If you live in America — and based on our analytics that’s about 87% of you — and you are reading this, the probability that you don’t know who Ruqia Hassan is probably 2:1 (maybe higher, I don’t want to underestimate the power of media though). I don’t blame you if you don’t know her, because you probably don’t read The Guardian, and you don’t live in Raqqa, and maybe you don’t even know where Raqqa is (it’s in Syria).
Ruqia, a 30-year-old journalist, wrote about daily life in Raqqa — you know, like the weather and what she was having for dinner. Oh and also what it was like to live with ISIS up, in, and around your entire life under the pen name Nissan Ibrahim.
Quickie review: ISIS, if you don’t know, or have tried to forget, is the Islamic State of Iraq and Syria. They call themselves the Islamic State for shortsies, and, to put it mildly, they are not very nice. These are the same sweet guys who created a guide on how to treat sex slaves — which includes the following: have sex immediately with virgins, and even pre-pubescent girls if "fit for intercourse," Fighters can have sex with non-virgins, although the "uterus must be purified."
(Quickie review: While they are Muslim, these are not your Muslim neighbors; calling all Muslims members of ISIS is akin to calling all Catholics Nazis).
Back to the matter at hand. Our Islamic State pals decided that, for whatever reason — maybe they didn’t want her talking about Raqqa, or ISIS, or her hair, or whether or not the sun was out, and also I guess offering any messages of hope or happiness — Ruqia deserved to be (probably, but not assuredly) beheaded. That was back in September, but ISIS only just revealed Raqqa’s execution to her family. This week, Abu Mohammed, a founder of the anti-ISIS Syrian activist group Raqqa Is Being Slaughtered Silently (RBSS), tweeted Ruqia’s final words.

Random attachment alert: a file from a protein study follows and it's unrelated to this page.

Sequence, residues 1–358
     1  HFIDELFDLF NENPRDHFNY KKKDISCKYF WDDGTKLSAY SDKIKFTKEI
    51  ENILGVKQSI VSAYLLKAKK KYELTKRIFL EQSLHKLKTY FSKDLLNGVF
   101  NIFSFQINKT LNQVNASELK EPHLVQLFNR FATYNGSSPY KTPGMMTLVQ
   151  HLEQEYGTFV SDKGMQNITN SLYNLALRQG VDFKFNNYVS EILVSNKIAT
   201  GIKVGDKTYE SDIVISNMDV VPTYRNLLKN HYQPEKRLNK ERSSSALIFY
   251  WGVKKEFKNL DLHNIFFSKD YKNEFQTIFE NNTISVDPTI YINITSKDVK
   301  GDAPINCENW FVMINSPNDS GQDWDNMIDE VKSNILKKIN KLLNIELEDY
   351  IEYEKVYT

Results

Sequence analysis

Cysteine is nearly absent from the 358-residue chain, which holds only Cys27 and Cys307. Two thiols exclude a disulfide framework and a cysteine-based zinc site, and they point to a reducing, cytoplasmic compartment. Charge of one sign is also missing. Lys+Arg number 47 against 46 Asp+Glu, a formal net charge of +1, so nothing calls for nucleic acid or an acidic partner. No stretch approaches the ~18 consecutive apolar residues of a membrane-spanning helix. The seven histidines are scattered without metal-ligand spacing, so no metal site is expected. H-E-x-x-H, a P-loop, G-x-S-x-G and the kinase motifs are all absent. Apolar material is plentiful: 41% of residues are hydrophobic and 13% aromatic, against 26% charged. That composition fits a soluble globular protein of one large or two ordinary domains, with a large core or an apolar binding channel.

This same woman who, in July, as coalition planes circles, said, "God protect the civilians and take the rest.”
Of course Ruqia isn’t the only woman, or journalist, to be murdered in Syria –– she just happens to be the one we know about.
Which brings me to my (sort of, tip of the iceberg) point.
It’s currently 9:29 PM on a Wednesday night. My husband sent me an article about Ruqia about 45 minutes ago, while I was putting our two smallest children to bed. I had just read them three books, which they were given for Christmas, which we celebrated in our home, that we own. He sent me the article after having received (from me) a video of our daughter washing her hair (she’s five, so that’s pretty big news). His link came with the disclaimer, “Yes. Sorry to follow your cute movie with that. I just came across it and it seemed important to share for some reason.”
Yes, for some reason.
I know I can’t prevent Ruqia or any other journalist from being beheaded, or murdered in some other equally brutal manner, for simply writing. And I can’t make women equal. And I can’t stop misogyny. And I can’t stop thousands of Syrian women from being raped. In front of their children. And I can’t stop ISIS.
And I can’t stop crying (though it admittedly may be PMS). I am typing this at (now) 9:36 pm (I had to research a bit. That took at least 3 minutes.) and I call myself a feminist. I am the Editor-In-Chief of a feminist magazine, where I work with other people who also write, and also are feminists.
And we can say things — even the terrible truths — about ISIS, and not be afraid for our lives, afraid that we might be beheaded, afraid that our families might be killed. We can feel safe saying these things because we aren’t under ISIS rule and we don’t live in Syria (or one of the many other nations where ISIS claims rule).
The world is such a strange and scary place sometimes.
And Ruqia, the particles of you that now float among us, or the you that lives in heaven, or in another creature, or wherever you might be, I send you my love and my humility. And my gratitude.